On Tuesday, Tracy Brabin revealed that she had received a number of insults online over her choice of attire.
One Twitter user shared a photograph of Brabin wearing the outfit and asked: â€œIs this really appropriate attire for parliament?â€ alongside the hashtag #DressStandards.
The post was met with hundreds of replies, including one which read: â€œLooks like she was banged over the wheelie bin at the back of the pub last night.â€
The shadow culture secretary said she refused to â€œlose sleepâ€ over the criticism of her appearance and shared an unapologetic response on her Twitter account.
â€œSorry I donâ€™t have time to reply to all of you commenting on this but I can confirm Iâ€™m not….A slag, Hungover, A tart, About to breastfeed, A slapper, Drunk, Just been banged over a wheelie bin.
â€œWho knew people could get so emotional over a shoulder…â€
Brabin was raising a point of order in the Commons on Downing Streetâ€™s decision to order senior journalists from some of the UKâ€™s major news organisations to leave a briefing when she spoke at the despatch box wearing the outfit.
â€œThey were playing top trumps on how rude they could be,â€ Brabin said.
â€œThey are idiots and they are rude but I am not going to lose much sleep over them.â€
The mother-of-twoâ€™s response was widely praised on social media with actor Gary Webster writing: â€œBrilliant retort Tracy. Omg if only they were as vocal about the behaviour, misogyny, racism, falling asleep and warped policies of the ruling govt as they are about revealing one shoulder [sic].â€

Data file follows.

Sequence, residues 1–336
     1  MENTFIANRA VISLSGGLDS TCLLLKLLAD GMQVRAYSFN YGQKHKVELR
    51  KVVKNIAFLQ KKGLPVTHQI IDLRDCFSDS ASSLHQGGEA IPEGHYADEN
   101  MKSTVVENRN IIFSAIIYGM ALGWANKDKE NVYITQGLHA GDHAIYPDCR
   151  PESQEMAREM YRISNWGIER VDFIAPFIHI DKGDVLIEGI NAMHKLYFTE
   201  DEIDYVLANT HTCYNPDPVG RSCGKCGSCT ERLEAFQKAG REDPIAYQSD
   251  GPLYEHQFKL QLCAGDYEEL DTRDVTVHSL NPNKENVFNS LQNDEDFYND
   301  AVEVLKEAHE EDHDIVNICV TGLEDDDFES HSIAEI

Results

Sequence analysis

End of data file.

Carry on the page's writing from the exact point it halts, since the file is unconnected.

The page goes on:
Comedian Tez Ilyas agreed, adding: â€œEven if you were any of those things Tracy, more power to you to wear what you wantâ€.
The controversy also prompted other women to share their stories about being shamed for exposing skin while at work, with one person writing: â€œIf I had a quid for every time someone had commented on what I wore rather than what I saidâ€¦This rarely happens to men â€“ calling it out is the only way to educateâ€.
MPs do not have an official dress code, however they are advised to wear â€œusualâ€ business dress.
According to Parliament: â€œThe dress of members these days is generally that which might ordinarily be worn for a fairly formal business transaction.
â€œThe Speaker has, on a number of occasions, taken exception to informal clothing, including the non-wearing of jackets and ties by men.â€